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Ostrich fern is a good choice for the shade or woodland garden.

Ostrich fern is a good choice for the shade or woodland garden. USDA, NRCS. 2012. The PLANTS Database (http://plants.usda.gov, 5 December 2012). National Plant Data Team, Greensboro, NC 27401-4901 USA.

Matteuccia struthiopteris

Ostrich fern

FIRST IMPRESSIONS:  Matteuccia struthiopteris is a statuesque fern with large deep green arching fronds.  Plants expand by rhizomes to form colonies.  Foliage is compound with each impressive frond consisting of many pairs of deeply lobed pinnae.  This fern thrives in cool moist sites and adapts to moist loamy soils in shade or part shade.

HABITAT & HARDINESS:  Matteuccia struthiopteris occurs in Europe, eastern Asia and eastern North America.  In North America the range extends through most of Canada and from the Dakotas to Maine and south from Missouri to Virginia.

Plants are indigenous to forested river bottoms, moist thickets, swamps and stream banks. Hardiness rating is from USDA Zones 3-8.

PLANT DESCRIPTION:  Matteuccia struthiopteris is a bold rhizomatous fern with a striking vase shaped habit.

This is a dimorphic fern with separate sterile and fertile fronds.  The coiled compacted sterile leaves emerge from the ground in late winter as fiddleheads or croziers.  They unfurl into a frond up to 5’ long and 1’ across that is sometimes compared to an ostrich feather. 

Each sterile frond consists of 20-50 pairs of deeply lobed leaflets.  The largest leaflets are about 6” long.  Toward the base and tip the leaflets become much smaller causing the frond to taper at the tip and base.

The sterile leaves are deciduous.  They turn golden yellow before dying to the ground for winter.

The fertile or spore bearing fronds are up to 18” long and 4” across.  These leaves have 10-30 pairs of leaflets that are edged with many bead-like sporangia or spore clusters.  The fertile leaves are green when they first emerge in mid to late summer. 

When spores are mature, the fertile leaves become dark brown.  Fertile fronds are most visible through winter when the sterile fronds are dormant until early spring when the spores are released.  In unfavorable conditions like drought or excessive shade, fertile fronds may not form.

This fern is typically about 3’ tall.  In ideal moist cool sites, plants can reach 6’ with an equal spread.

CULTURAL & MAINTENANCE NEEDSMatteuccia struthiopteris grows best in dappled to light shade with rich moist to wet soil. 

Plants thrive in sandy or peaty soils and prefer acid pH.   

This fern is remarkably pest resistant and tolerant of clay soil.  Plants are more attractive if irrigated in dry garden conditions and sheltered from excessive wind.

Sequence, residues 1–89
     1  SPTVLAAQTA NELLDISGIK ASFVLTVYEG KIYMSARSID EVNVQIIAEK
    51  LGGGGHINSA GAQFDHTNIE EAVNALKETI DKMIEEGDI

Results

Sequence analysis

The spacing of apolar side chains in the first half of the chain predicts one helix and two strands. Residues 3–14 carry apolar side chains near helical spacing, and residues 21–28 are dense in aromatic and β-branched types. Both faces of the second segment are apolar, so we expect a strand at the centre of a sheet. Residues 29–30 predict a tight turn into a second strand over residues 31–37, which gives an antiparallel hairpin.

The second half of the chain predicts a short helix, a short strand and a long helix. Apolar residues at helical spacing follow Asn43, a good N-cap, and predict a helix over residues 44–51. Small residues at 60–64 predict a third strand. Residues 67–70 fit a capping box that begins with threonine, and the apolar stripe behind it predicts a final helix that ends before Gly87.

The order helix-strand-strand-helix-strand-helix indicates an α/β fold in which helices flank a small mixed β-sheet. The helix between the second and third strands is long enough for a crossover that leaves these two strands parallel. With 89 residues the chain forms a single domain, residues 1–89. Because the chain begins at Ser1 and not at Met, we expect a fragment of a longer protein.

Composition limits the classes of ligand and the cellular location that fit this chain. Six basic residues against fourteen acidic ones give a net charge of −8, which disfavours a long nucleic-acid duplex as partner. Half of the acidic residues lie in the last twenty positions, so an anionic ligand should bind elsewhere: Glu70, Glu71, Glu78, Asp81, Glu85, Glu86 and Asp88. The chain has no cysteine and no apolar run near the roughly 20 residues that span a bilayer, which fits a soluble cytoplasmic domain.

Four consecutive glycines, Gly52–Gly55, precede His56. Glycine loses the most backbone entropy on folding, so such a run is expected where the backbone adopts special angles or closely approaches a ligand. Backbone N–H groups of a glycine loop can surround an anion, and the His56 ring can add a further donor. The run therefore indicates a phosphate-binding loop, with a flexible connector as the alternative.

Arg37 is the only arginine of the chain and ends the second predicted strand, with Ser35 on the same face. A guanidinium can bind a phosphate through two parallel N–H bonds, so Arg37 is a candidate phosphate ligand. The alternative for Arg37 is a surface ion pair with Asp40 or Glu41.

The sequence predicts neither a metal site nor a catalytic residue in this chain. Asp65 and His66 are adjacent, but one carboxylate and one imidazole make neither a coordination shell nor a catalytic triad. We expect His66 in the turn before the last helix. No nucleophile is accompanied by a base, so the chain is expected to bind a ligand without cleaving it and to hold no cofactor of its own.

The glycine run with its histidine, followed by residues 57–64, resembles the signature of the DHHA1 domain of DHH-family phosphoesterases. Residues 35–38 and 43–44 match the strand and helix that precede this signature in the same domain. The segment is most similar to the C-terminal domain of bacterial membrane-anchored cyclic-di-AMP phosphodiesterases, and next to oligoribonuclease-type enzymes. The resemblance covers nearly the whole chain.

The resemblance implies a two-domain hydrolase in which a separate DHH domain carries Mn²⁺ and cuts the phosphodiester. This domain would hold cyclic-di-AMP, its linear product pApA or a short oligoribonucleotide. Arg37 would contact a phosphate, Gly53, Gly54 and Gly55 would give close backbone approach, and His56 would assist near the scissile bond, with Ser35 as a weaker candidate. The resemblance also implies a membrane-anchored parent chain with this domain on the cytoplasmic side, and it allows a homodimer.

Mature colonies provide protective cover to various kinds of small wildlife.  This fern is pest resistant and not palatable to deer and other herbivores.

LANDSCAPE USES:  The dramatic feathery foliage of this fern make it a lovely and useful Accent for a Shade Garden.  In appropriate sites, Matteuccia struthiopteris matures into a verdant and soothing Groundcover or Mass.  This fern provides Erosion Control and serve as a valuable component of Deer Resistant Plantings, Low Maintenance Plantings, Perennial Borders, Rain Gardens, Wetlands and Wildlife Gardens.

COMPANION & UNDERSTUDY PLANTS:  Try pairing with Carex muskingumensis, Chelone glabra, Phlox divaricata or Stylophorum diphyllum.

Osmunda cinnamomea has similar cultural needs and can be substituted if needed.

TRIVIA:  This fern produces large edible fiddleheads.  These croziers are a gourmet treat when sautéed in butter and have been named as the state vegetable of Vermont.

Matteuccia struthiopteris won the Royal Horticultural Society’s Award of Garden Merit.


Height:

3-6 ft

Spread:

3-6 ft

Spacing:

3-6 ft

USDA Hardiness Zone:

3-8

Bloom Color:

Green

Matteuccia struthiopteris Characteristics

Exposure

  • Partial Shade to Full Shade

Critter Resistance

  • Deer Resistant

Soil Moisture Preference

  • Moist to Wet

Attributes

  • Bog
  • Naturalizing
  • Interesting Foliage
  • Favorite
  • East-Coast Native
  • Rain Garden

Foliage Color

  • Green

Season of Interest (Foliage)

  • Fall
  • Summer
  • Spring

Growth Rate

  • Medium

Interesting Notes:

For more information on this plant, visit the USDA PLANTS Database: http://plants.usda.gov/java/profile?symbol=MAST


Plants that work well with Matteuccia struthiopteris ''

Woodland Phlox Woodland Phlox (Phlox divaricata)
Turtlehead Turtlehead (Chelone glabra)
Palm sedge Palm sedge (Carex muskingumensis)

Substitutions for Matteuccia struthiopteris

Sensitive Fern Sensitive Fern (Onoclea sensibilis)
Cinnamon Fern Cinnamon Fern (Osmunda cinnamomea)